Letter to the editor
I've been noticing lots of letters to the editor complaining about pay scales, promotions, etc.
I have offered this solution several times to the Office of Personnel Management, with no response.
But first, I'd like to say that I am an equipment specialist with 30-plus years experience working, designing, engineering — you name it — all phases of ship construction from electronics to mechanical. I also have many college credits. And yet, because I am a technician, I am not allowed to apply for a promotion. Many are strictly written for engineers only, even though they're fresh out of college with minimal years of experience. I, on the other hand, could fill your magazine with the ship construction experience I have, as can many others who have recently retired in disgust.
Here is my proposal:
1. Make promotions open to everyone, not just selected classes.
2. Eliminate names, color, race, religion, gender, etc., that can identify the applicant on an application form.
3. Issue an identification number to the applicant. This can easily be done, much like receiving a receipt via the mailing system.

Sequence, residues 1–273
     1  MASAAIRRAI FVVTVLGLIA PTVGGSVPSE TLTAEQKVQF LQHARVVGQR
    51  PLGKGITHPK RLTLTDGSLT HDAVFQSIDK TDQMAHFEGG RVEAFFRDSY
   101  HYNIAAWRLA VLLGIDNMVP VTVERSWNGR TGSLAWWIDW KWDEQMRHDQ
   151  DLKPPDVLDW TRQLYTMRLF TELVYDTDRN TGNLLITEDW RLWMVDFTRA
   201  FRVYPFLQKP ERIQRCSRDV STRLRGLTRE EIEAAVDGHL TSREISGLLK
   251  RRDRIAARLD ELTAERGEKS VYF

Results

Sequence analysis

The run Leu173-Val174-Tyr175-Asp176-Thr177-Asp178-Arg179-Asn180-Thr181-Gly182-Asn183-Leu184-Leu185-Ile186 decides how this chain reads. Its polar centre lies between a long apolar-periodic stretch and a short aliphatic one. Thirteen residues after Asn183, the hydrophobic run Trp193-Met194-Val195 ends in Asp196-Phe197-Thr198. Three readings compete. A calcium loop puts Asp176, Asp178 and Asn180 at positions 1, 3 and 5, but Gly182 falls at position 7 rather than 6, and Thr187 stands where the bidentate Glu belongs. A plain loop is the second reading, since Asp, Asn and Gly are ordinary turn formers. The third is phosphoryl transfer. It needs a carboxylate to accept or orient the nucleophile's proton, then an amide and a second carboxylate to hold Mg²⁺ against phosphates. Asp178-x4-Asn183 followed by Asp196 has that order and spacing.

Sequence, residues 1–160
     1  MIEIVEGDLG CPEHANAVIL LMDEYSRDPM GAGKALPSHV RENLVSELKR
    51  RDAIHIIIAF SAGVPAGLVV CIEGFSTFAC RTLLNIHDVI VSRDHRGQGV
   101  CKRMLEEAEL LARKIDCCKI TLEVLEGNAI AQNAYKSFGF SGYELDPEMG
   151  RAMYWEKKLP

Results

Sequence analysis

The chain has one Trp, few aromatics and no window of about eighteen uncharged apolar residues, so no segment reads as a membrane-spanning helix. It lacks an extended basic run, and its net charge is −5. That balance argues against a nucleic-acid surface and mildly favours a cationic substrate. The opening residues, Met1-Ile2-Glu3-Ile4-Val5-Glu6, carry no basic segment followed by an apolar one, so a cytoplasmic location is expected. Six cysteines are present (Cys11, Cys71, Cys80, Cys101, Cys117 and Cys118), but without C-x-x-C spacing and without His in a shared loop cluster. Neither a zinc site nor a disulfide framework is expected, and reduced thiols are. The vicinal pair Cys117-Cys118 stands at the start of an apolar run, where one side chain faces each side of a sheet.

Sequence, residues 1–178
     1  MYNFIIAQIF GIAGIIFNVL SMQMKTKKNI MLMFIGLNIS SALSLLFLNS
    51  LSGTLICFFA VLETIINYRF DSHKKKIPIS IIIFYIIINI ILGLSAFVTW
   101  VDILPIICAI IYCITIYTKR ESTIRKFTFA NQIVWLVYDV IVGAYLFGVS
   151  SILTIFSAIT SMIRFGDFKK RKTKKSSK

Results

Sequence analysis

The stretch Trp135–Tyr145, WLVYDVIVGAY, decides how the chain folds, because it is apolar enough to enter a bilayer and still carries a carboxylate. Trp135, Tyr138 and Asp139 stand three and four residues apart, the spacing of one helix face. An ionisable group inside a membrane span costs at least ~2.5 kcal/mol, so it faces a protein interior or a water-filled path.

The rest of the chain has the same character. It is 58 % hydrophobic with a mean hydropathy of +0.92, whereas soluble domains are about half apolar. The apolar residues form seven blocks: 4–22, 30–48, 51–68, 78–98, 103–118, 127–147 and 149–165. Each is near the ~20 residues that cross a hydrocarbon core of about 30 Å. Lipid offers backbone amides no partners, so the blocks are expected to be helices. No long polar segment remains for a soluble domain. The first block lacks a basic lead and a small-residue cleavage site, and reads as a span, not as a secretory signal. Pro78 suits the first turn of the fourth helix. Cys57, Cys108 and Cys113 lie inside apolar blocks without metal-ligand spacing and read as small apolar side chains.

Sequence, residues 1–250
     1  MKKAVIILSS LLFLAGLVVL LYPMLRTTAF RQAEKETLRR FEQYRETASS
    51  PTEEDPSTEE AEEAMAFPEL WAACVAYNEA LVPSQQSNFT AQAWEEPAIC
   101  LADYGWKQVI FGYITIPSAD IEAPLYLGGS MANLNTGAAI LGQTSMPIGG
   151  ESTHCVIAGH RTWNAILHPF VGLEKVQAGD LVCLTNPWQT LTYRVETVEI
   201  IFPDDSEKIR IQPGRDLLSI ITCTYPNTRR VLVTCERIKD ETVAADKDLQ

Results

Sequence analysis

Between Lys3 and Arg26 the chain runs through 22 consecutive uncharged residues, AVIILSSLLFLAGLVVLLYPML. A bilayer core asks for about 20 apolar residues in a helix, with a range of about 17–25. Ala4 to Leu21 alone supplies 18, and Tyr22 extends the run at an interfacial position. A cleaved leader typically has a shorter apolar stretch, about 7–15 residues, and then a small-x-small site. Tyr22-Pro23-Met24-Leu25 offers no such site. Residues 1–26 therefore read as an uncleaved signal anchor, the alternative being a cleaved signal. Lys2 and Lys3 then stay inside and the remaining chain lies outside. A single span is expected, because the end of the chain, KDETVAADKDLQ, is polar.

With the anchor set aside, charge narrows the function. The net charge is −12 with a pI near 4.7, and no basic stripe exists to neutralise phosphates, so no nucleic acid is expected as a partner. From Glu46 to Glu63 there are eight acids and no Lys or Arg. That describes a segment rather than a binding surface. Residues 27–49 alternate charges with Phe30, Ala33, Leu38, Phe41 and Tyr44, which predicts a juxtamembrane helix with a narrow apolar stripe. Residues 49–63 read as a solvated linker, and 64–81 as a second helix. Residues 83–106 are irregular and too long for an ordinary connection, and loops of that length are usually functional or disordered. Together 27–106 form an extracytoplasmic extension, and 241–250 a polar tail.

4. Once the winner is picked, his number is posted. That way no one can complain that race, gender, color, etc., was a factor — not even favoritism.
5. An alternate is to have all promotions done via a remote facility unrelated to the area or department you are applying to. That way there is no favoritism.
Our ridiculous job openings situation was demonstrated at a recent all-hands meeting with the director. A question was asked relating to promotions and why they were only open to engineers even though there is hardly any engineering done here. The answer the director mentioned was that just one shop out of approximately 100 divisions did some engineering. And that's because 99 percent of the engineering is contracted out.
So why are techs not allowed to apply? Some of our best managers were techs and they had to practically walk on water to get the promotion. Not so for someone with a piece of paper and little experience.
L. Lueder Naval Surface Warfare Center, Carderock Division Surface Ship Engineering Site